How do you measure the success of a song? Grammy Award-winning producer and songwriter, Juan Cristobal Losada, unpacked the elusive answer to this million-dollar question during IVY’s Entrepreneur Night in Miami, explaining there are two ways — musically and commercially.

Shakira’s Producer Juan Cristobal Losada on Latin Music Hits

 

Losada considers a musical success to be a relatively unknown song that proves to be so enjoyable you simply can’t turn it off. Yet while it is audibly appealing, it doesn’t have the marketing backend necessary to elevate it to a commercial success.

Commercial successes, on the other hand, are the songs you hear on the radio time and time (and time) again. You know the song — one you may not have liked at first, but can’t get out of your head by the 50th radio listen.

If you can create a song that is both musically and commercially successful, Losada says, you have yourself a true hit. Losada has been able to replicate this success with a number of Latin American and Global Music icons, including Shakira, Carlos Santana, Ricky Martin, and Enrique Iglesias.

During his talk, Losada detailed the three steps he takes to craft a musical and commercial success. The steps relate to the process of being an entrepreneur — indeed, they can be adapted and reworked to fit any business model.

  1. Form a connection to the artist.

Before Losada begins to create any music, he takes the time to get to know the artist with whom he is collaborating: where they are from, where their parents grew up, what songs are on rotation on their playlist, their relationship history, and so on. Losada sets aside the time to engage in this quasi-psychoanalysis because, as he stated, “more connection equals more success.”

Reflect on this process in reference to a different type of business: In order to be successful, you must first connect with your audience, client, or partner. If you are developing a campaign for a client, for instance, you need to thoroughly familiarize yourself with the client’s business, goals, starting point, and envisioned direction. The same applies to creating some type of product: who are you creating the product for? Where do they live, what do they like to do in their free time, what is their annual income, where do they get their news?

“More connection equals more success.”

2. Create a unique sound.

Building off the psychoanalysis of his new artists, Losada goes on to create a sound uniquely suited to the particular artist and inspired by their influences and roots. “As unique as an artist is, so should their music and lyrics be,” said Losada.

Likewise for entrepreneurs, it can be easy to become trapped in the notion that we must follow in lockstep with our industry leaders in order to reap success. When EDM began entering the mainstream, for example, a mass of musicians jumped on board — even if that style of music wasn’t truly unique to their brand. The same applies to work in the social media industry:  a huge number of personal brands follow other people’s path to success instead of creating their own.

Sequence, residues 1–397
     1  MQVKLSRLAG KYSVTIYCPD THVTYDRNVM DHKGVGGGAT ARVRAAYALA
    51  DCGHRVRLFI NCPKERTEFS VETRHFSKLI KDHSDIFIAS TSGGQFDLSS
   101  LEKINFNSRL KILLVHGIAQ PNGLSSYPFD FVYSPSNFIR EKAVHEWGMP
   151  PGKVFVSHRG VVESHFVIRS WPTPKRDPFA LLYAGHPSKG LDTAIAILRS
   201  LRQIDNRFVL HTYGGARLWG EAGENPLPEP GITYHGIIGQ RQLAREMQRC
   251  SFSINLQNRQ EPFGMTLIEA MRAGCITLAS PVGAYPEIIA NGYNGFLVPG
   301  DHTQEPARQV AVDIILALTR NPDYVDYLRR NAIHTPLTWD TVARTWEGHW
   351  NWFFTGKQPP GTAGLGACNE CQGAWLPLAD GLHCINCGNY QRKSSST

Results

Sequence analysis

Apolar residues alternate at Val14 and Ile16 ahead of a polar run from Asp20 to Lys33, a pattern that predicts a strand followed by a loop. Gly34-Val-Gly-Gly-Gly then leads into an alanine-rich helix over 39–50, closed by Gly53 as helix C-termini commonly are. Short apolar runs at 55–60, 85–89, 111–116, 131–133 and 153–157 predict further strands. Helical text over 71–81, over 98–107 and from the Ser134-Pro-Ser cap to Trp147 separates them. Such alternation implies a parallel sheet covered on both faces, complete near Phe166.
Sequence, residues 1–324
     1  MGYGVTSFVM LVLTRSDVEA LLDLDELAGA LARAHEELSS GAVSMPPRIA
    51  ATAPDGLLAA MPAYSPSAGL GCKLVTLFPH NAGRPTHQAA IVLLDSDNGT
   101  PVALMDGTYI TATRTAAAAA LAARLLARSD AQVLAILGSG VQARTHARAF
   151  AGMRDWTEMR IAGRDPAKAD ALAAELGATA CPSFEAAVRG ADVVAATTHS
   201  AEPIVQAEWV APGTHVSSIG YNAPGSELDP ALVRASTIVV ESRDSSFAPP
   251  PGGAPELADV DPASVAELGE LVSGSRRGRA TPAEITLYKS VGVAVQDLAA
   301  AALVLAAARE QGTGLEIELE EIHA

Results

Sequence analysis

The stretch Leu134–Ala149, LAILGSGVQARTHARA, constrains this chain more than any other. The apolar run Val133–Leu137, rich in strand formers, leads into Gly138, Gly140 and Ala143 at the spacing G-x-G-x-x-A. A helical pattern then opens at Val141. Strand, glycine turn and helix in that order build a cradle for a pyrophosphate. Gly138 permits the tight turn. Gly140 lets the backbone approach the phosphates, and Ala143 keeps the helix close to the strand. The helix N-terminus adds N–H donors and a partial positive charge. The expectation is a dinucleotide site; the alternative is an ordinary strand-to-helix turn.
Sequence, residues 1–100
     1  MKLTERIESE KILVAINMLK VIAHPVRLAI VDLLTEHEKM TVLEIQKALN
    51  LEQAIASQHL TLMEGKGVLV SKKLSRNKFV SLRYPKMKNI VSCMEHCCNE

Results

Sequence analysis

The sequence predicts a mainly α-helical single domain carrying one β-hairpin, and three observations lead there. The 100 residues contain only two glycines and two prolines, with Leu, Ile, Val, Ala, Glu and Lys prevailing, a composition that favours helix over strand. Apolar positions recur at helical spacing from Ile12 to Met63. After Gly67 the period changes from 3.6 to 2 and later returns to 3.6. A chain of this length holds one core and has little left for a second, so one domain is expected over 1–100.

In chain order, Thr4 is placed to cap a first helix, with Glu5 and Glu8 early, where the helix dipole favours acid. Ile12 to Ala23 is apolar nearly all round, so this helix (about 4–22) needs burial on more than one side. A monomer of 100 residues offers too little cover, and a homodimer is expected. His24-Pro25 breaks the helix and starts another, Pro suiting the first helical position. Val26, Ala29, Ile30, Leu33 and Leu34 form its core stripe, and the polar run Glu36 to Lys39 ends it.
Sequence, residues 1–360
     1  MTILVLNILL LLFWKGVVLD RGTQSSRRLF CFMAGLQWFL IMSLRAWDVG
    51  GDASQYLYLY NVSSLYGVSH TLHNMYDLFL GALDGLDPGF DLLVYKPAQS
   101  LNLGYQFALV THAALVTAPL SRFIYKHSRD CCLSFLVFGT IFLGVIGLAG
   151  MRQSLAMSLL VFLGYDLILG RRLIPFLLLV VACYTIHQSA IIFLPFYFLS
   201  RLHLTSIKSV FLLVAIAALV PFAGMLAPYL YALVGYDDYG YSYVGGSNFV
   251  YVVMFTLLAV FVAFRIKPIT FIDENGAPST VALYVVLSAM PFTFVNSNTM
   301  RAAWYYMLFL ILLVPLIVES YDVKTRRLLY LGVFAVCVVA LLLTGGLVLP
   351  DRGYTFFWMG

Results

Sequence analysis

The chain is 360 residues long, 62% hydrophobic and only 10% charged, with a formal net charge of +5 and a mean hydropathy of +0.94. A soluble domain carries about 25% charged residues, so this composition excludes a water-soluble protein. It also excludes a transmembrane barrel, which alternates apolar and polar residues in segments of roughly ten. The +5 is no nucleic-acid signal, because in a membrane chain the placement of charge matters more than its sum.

“We’re all trying to go to the same place but there are many avenues to get there.”

3. Focus on the business side.

In order to craft a commercially successful song you need to figure out how to capture the ear of the masses. Losada grew up knowing he wanted to work in the music industry, but when asked about how he become involved in the entrepreneurial side of the industry, he responded: “One thing is to sit down and wait for people to hire you and another thing is to go out and generate your own work.”

In short, you will face roadblocks on the path of you your entrepreneurial journey —the key is to figure out ways around those obstacles, and to avoid sitting and waiting for something to happen. You have full control of your dreams and, as Losada states, “there is always a way.”

Losada is currently working on a commissioned project in conjunction with the CDC and the World Health Organization centered on bringing awareness to the harmful effects of the Zika Virus. Losada let us listen to the demo of this project — surprisingly, the melody is upbeat and makes you want to dance, a contrast to the majority of songs created for awareness campaigns. In response to the audience’s observation of this contrast, Losada said: “I wrote this song with the thought to move your body so the mosquito won’t bite you.” The audience laughed, but Losada’s answer rings true: The reason the melody is upbeat, with a catchy tune, is because it is memorable — and when people can’t get your words out of their head, your on the path to creating authentic awareness and real change.

Losada also hinted at a number of notable “big” artists that are on board with the song, so definitely be on the lookout. He closed with a reminder to the audience that everything you do is a stepping-stone in the right direction — persevere and never give up on your passion!